Estremoz Travel Guide

Estremoz, a town of 14000 people, appears like a vision on the shimmering landscape as you approach it by car. It’s ancient walls give way to vineyards planted in iron-rich soils, making the wine produced here some of the best in Portugal.

Estremoz, Portugal and Vineyards

The highest point of the city is the Torre das Três Coroas, the tower of the three crowns which marks the location of the best place to stay in the city, the Pousada Rainha Santa Isabel. The view from the top gives you a good idea of the town and the countryside around it. If you stay at the Pousada, you can head up the tower in the evening, enabling you to check for enemy camps before heading to bed. The olden days when everyone had weapons weren’t so safe as we make them out to be.

If you look down and see the large plaza, that’s where the celebrated Saturday market of Estremoz is held.

The Clay Figurines of Estremoz

Estremoz has had a tradition of producing clay figures since the 18th century that you can see in the Museu Municipal Prof. Joaquim Vermelho, the municipal museum, where you can also visit a shop where you can watch the folks who can make them to order, as you see in the picture below, or you can simply buy one off the shelf. Like the clay whistles of Rutigliano in Italy, these are famous throughout the land.

Clay Figurine head, Municipal Museum, Estremoz, Portugal

For lunch you can visit an Adega, a wine tavern with rustic food, some of the best in Portugal. We recommend the Adega do Isaías restaurant on Rua do Almeida, 21. It’s a wine bodega that serves wonderful local food and home produced wine in a rustic atmosphere. Don’t miss the pata negra pork from black-footed pig that they grill right out front. It’s fantastic. Wash it down with what was fermented in the big pots you see scattered about, the amphorae called “talha” that were used to make and store vinho de talha, a wine made the same way as the Romans did.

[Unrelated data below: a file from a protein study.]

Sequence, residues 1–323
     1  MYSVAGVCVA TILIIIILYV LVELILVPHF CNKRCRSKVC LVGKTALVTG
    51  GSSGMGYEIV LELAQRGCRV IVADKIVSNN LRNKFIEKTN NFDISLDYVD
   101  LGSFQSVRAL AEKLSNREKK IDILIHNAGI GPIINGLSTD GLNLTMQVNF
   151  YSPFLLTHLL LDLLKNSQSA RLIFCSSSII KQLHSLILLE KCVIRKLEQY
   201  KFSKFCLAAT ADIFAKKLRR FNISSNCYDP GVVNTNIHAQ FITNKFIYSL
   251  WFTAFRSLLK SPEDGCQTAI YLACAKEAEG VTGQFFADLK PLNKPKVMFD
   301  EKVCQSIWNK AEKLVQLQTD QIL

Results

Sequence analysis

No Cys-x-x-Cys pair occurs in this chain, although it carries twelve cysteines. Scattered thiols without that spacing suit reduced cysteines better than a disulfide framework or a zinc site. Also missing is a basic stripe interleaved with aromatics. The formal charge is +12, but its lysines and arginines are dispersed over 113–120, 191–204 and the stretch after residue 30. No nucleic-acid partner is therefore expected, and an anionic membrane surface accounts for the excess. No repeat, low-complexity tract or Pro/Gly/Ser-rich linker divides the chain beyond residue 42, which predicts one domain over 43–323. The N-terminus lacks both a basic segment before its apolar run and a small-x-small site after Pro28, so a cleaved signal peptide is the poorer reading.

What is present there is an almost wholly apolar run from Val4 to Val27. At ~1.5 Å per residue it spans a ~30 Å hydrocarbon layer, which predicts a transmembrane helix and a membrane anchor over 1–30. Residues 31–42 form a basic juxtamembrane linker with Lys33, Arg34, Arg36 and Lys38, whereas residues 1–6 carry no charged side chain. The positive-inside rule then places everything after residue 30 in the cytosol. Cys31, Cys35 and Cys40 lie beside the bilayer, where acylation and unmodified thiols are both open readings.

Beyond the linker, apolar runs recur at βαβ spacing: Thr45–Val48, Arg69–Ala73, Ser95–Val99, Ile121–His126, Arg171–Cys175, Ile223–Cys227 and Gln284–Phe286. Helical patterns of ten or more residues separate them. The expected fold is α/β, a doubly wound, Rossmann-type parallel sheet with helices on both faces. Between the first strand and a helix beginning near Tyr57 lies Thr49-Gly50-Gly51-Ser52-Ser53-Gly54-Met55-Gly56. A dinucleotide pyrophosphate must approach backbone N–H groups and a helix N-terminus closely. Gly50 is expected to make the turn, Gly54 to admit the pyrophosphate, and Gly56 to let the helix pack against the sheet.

If you have a car, you might wish to visit the rather famous marble quarries of Estramoz. According to the Aria Stone Gallery

Estremoz is famous for their marble production. In fact, there is so much marble in Estremoz, that it is used nearly everywhere in the city. From stairs, doorsteps, fountains, and even pavement mosaics and facades of buildings, marble is all around! Coming in second to Italy, Portugal is the second largest marble exporter in the world and approximately 85% of all marble from Portugual is quarried from Estremoz.

Looking down into an Estremoz marble quarry

Unlike the marble extracted from the mountains above Cararra in Italy, there are a large number of quarries in the area reach some which start at nearly ground level and reach 150 meters in depth. You can drive by and peek down, as you see in the picture above.

From Marble to Menhir: The Rocha dos Namorados

There is a very interesting carved rock outcrop called a “menhir” that you can see just outside the town of Estramoz. Locals call it the Rocha dos Namorados. Since it looks like a uterus, some call it the “uterus rock.” You can even call it the “fiance’s rock” if you want. Nobody will stone you for it.

Which brings us to all those stones you see in the picture. You see, in ancient times (through the present) a young lady amenable to the idea of getting hitched would stand just to the left of the outcrop in the picture, turn around so her back is to the Rocha dos Namorados, and heave a pretty big rock over her shoulder. She was trying to get it to stick on top without knocking another rock off.

Here are the three possible outcomes:

  • She misses: No marriage for her in the next year!
  • She gets her stone to stick on top: She’ll be married within the year
  • Her stone gets to the top but knocks another stone off: She’ll have an affair with a married man!

Estremoz for wine lovers

There are many wineries within a very short distance of the walled city of Estremoz. These are listed with visiting hours on the website of the Alentejo Wine Route.

Where to Stay

Our favorite place to stop for a few days is the Pousada Rainha Santa Isabel, now called the Pousada Castelo de Estremoz. The 14th century castle was built on the order of King Dinis I of Portugal for his wife, Queen Isabel. There is parking on site, and dining in the Great Hall is fabulous.

For those wishing a rural stay, to the east of Estremoz is the highly-rated Hotel Rural Monte Da Rosada, a rustic, traditional Portuguese farmhouse surrounded by olive groves and vineyards.

Estremoz makes a fine base from which to explore the Alentejo region. Enjoy at least a couple of days here.

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